Where in the World is Alf? (Part VIII)

Following Part VII

March 18-24, 2003

Tuesday, March 18, 2003 (pre-journal)

This is from the 'letters to the editor' page of The Nation (Bangkok):

With war inevitable, the only hope is for America to prevail
Published on Mar 19, 2003

The Iraqi situation has moved beyond diplomacy and war is close at hand unless there are dramatic last-minute developments. The resort to force carries with it many grave uncertainties. No matter what the outcome or duration of the conflict in Iraq itself, radicalisation of Muslim populations will pose severe domestic problems for many countries.

Images of war will affect business confidence, travel and economic activity. The prospect of terrorist retaliations will continue to keep the world on edge and further erode confidence. The United Nations, having failed to muster consensus, would lose even more credibility as an arbiter of world peace. Multilateralism and global institutions are already the first casualties of the looming conflict. The solidarity of the Western alliance, a major factor ensuring relative world stability over the past 50 years, could be further eroded.

The justification for war is less than overwhelming. Many around the world consider a war to be illegitimate, even morally wrong.But a decision to go to war has been made by the United States. We have moved beyond the phase of debating the pros and cons, even the rights and wrongs.

If America were to fail, the consequences will be even more grave. All things considered and if a choice has to be made, I would rather my children grow up in a world dominated by the United States, despite all its flaws, than by any other power or grouping.

There really is no other viable option at this juncture. Although we have genuine concerns, Thailand needs to stand, even silently, with America during this pivotal period of enormous risks. If America, both as a nation and a concept, were to fail, the world would be a more dangerous rather than safer place, in my humble opinion.

Kobsak Chutikul, MP|Vice Chairman

Tuesday, March 18, 2003 (Post-pre-journal)

From the Introduction to Kay Redfield Jamison's NIGHT FALLS FAST:

Night falls fast,
Today is in the past.

Blown from the dark hill hither to my door
Three flakes, then four
Arrive, then many more.

- Edna St. Vincent Millay

Tuesday, March 18, 2003

From The Nation (Bangkok):

A security guard uses a metal detector to examine a van as a policeman stands guard outside the American Embassy in Bangkok yesterday amidst increased tension after the US gave Iraq a 48-hour war ultimatum.

Wednesday, March 19, 2003 (pre-journal)

Subj: Embassy pic
Date: 3/19/2003 1:42:44 AM Eastern Standard Time
From: derek.xxxxx@rogers.com
To: corkscrew@aol.com

The embassy guard is using a mirror to look under the van for hidden bombs.

What would be the point of using a metal detector on a van?

Silly journalists. :)

And, from another:

"Alf, your pre-journal is a misnomer. There is no journal that ever follows it; just pictures."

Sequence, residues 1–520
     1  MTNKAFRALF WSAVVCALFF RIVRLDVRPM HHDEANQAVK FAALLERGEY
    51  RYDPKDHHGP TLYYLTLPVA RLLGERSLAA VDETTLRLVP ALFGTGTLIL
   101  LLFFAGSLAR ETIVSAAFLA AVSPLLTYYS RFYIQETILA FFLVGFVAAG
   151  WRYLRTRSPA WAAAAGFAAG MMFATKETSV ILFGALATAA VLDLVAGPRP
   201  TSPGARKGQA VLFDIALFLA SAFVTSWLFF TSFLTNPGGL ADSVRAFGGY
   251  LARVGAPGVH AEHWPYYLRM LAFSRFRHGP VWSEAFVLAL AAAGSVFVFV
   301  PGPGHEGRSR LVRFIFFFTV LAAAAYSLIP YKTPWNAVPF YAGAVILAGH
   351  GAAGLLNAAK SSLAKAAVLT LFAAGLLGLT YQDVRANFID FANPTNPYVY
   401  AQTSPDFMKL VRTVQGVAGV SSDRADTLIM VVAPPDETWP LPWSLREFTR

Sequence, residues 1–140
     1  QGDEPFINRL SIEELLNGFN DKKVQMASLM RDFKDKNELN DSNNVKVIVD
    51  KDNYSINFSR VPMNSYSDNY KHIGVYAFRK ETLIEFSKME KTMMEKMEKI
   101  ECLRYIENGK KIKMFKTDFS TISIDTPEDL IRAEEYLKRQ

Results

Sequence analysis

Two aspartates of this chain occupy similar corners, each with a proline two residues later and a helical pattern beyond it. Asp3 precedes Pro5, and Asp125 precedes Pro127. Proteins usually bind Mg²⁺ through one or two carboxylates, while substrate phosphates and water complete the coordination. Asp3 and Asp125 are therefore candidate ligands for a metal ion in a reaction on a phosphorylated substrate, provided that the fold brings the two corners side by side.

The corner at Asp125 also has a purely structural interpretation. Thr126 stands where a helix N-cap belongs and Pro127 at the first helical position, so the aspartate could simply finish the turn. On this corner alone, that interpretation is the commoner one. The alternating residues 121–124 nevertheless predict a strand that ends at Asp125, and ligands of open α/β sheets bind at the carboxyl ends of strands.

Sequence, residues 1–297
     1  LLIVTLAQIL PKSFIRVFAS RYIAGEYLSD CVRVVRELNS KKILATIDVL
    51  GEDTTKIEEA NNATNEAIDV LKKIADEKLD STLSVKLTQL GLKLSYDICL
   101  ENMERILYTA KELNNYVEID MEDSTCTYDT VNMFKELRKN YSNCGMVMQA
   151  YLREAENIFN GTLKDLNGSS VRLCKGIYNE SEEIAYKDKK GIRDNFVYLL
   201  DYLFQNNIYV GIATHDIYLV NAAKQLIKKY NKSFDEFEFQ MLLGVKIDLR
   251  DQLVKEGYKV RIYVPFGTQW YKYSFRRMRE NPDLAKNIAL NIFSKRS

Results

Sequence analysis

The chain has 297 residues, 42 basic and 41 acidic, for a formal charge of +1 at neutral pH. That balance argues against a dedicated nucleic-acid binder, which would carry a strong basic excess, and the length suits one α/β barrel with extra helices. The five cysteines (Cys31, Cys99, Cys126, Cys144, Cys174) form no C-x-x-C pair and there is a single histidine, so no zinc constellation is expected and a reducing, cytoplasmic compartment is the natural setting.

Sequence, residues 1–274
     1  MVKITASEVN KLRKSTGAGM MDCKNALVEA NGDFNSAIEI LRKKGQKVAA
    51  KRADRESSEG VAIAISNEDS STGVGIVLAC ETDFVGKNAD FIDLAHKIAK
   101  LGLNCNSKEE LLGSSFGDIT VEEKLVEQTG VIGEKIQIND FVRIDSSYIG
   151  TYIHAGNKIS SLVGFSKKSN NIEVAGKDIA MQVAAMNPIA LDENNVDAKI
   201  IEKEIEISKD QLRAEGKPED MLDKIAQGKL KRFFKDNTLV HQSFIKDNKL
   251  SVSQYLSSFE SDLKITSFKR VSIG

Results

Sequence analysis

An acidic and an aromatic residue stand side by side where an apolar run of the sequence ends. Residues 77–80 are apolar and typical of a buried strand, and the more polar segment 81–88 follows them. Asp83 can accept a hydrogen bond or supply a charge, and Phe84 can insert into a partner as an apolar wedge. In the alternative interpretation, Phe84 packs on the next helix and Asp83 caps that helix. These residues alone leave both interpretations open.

Wednesday, March 19, 2003

"Oh, God ... please, no more cartoons ..."

Fair enough! How about a picture of Cindy, Mark and Watcharee (I'm behind the camera) having dinner up at Beach Place to celebrate the start of the war?

March 19, 2003 (Post-journal)

The US Embassy in Bangkok just stuffed this in my e-mail box:


This Public Announcement is being updated to alert
Americans to an increased potential for anti-American
violence, including terrorist actions against U.S.
citizens, as a result of the military action in Iraq.  The
U.S. Government remains deeply concerned about the security
of Americans overseas.  American citizens are reminded that
it is more important than ever to maintain a high level of
vigilance and to take appropriate steps to increase their
security awareness.  This Worldwide Caution supersedes that
issued on February 6, 2003 and expires on July 20, 2003.

As a result of military action in Iraq, there is a
potential for retaliatory actions to be taken against U.S.
citizens and interests throughout the world.  Public
demonstrations carry the potential for precipitating
violence directed at American citizens, symbols associated
with the United States or other U.S. and western interests.

The threat to U.S. citizens includes the risk of attacks by
terrorist groups.  Terrorist actions may include, but are
not limited to, suicide operations, bombings or
kidnappings.  Possible threats include conventional weapons
such as explosive devices or non-conventional weapons,
including chemical or biological agents.  Terrorists do not
distinguish between official and civilian targets.  These
may include facilities where Americans and other foreigners
congregate or visit, such as residential areas, clubs,
restaurants, places of worship, schools, hotels, outdoor
recreation events or resorts and beaches.  U.S. citizens
should increase their security awareness at such locations,
avoid them, or switch to other locations where Americans in
large numbers generally do not congregate.

U.S. Government facilities worldwide remain at a heightened
state of alert and some have drawn down their dependents
and/or personnel.  These facilities may temporarily close
or suspend public services from time to time for security
reasons.  In those instances, U.S. embassies and consulates
will make every effort to provide emergency services to
American citizens.  Monitor the local news and maintain
contact with the nearest American embassy or consulate.

As the Department continues to develop information on any
potential security threats to Americans overseas, it shares
credible threat information through its Consular
Information Program documents, available on the Internet at
http://travel.state.gov.  In addition to information on the
Internet, U.S. travelers can get up-to-date information on
security conditions by calling 1-888-407-4747 in the U.S.
and outside the U.S. and Canada on a regular toll line at

     * * * * * * * * * * * * * * * * * * * * *

To subscribe or unsubscribe to this list, go to:
U.S. Embassy Bangkok American Citizen Services Unit

Yikes ... another message from the Bangkok embassy:

Armed conflict with Iraq began on March 20, 2003 (Bangkok time).

The Department of State advises American citizens in Thailand to
take prudent steps to ensure their personal safety in the coming
days.  Remain vigilantly aware of surroundings, avoid crowds and
demonstrations, keep a low profile, vary times and routes for all
travel, and ensure travel documents are current.  Listen to news
reports and maintain contact with the U.S. Embassy at 02-205-4200
for a recorded update of developments.  The Embassy will also post
updated information on our website at http://usa.or.th.